Episcopal Diocese of Virginia
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October 27, 2023

Sisters and brothers,

Often, Christians have an erroneous idea of what the Bible is. Often, we think that the Bible is a chapter book. One starts at page one and proceeds. For the most part, everything falls in chronological order. The Psalms and Proverbs and the Wisdom Literature are just weird interludes. AND EVERYTHING points to Jesus, and the salvation we enjoy in His death, resurrection, and ascension.

 The (and I mean ‘the’) problem with this set of largely modern, protestant, American hermeneutics is that it is utter hogwash. The Bible, as we have received, it is a library written, edited, redacted, translated, conflated, and passed down over millennia through multiple languages, cultures, nationalities, and evolving religious conceptions and convictions.

 That complicated and complex library does hold forth A Story told through different story cycles and genre. That Grand Story has at different times and in different places imparted different values and morals. The communities that have received that Story and the smaller stories that convey it have prioritized different aspects and interpretations to serve their purposes for ever. And yet at its core, that Grand Story is one of a love affair between God and God’s whole creation. We’ve understood God differently over time. There has never been a pristine past of universal agreement. And yet with God’s love at its core, the Grand Story has asked for faith from us – those who have received and are now stewards of the Grand Story.

 In this regard, Faith can mean many things: obedience, prudence, loyalty, steadfastness, belief… All of which can best be held together in the concept of trust. Our first response to God’s love conveyed in Scripture’s Grand Story of creation, fall promise, following, famine, slavery, deliverance, wandering, prosperity, disobedience, faithlessness, exile, return, gift, self-sacrifice, resurrection, redemption, inspiration, provision… is to be trust. We will trust that God is the lover on whom we can rely even when God’s purposes and call seem to be a mystery.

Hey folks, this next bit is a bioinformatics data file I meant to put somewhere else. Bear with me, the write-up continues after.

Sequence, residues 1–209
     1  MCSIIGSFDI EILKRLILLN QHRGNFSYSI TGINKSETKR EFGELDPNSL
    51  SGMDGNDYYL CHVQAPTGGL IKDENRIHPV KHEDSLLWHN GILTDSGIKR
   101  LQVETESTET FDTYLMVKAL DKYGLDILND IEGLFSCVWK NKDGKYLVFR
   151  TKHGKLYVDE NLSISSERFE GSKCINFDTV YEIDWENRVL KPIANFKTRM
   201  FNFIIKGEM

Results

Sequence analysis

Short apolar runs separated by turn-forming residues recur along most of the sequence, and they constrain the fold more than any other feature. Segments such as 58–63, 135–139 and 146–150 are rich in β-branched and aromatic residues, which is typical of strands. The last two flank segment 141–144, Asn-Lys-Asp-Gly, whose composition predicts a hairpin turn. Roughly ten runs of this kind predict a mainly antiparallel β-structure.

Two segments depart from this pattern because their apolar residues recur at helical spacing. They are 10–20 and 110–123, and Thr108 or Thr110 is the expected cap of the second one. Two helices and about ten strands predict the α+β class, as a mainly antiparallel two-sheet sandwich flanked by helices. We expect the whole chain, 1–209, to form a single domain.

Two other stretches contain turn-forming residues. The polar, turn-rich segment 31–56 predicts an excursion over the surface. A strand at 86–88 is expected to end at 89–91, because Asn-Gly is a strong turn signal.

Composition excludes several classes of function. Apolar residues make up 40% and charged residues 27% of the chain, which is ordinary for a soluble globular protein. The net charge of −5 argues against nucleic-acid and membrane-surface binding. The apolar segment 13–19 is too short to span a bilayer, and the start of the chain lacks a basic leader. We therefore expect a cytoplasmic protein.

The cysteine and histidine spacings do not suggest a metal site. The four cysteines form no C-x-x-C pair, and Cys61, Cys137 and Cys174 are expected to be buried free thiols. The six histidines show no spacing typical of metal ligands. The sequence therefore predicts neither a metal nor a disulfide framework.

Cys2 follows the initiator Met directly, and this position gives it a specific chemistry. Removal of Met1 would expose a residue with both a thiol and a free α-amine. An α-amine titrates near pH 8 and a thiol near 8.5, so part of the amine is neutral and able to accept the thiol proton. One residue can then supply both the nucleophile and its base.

This is a roundabout way for me to ask for your support and prayers for the work of the Vestry and the newly appointed Stewardship and Development Committee. We are closing in on two full years together and serious discernment must be done, and decisions made to shape our life together for years to come. Those decisions include what my fate with St. Bart’s may be, what Capital projects must be prioritized, what Operational priorities are truest to our community’s Christian vocation, and how we will continue to resource our life together through the gifts of money, time, creativity, talent, and prayer. I enjoin you to trust God, to trust that God will make clear the path to our future together. I ask you to pray for and trust that the Holy Spirit will move our hearts and stir our imaginations. I ask you to pray for those who are yet to make their way to our little refuge in the woods, and to trust that God will bring to us those that need us the most. I ask you to trust the words of our prayer, “let the whole world see and know that things which were cast down are being raised up, and that things which had grown old are being made new.” (From a Collect found in multiple liturgies in The Book of Common Prayer)

 There is so much to be done, and so much that we can do together when we place our trust in God and Scripture’s Grand Story of love, promise, and new life. Thank you for your resilience, joy, hope, and faith. It remains a pleasure and privilege to serve with and among you.

Yours in Christ,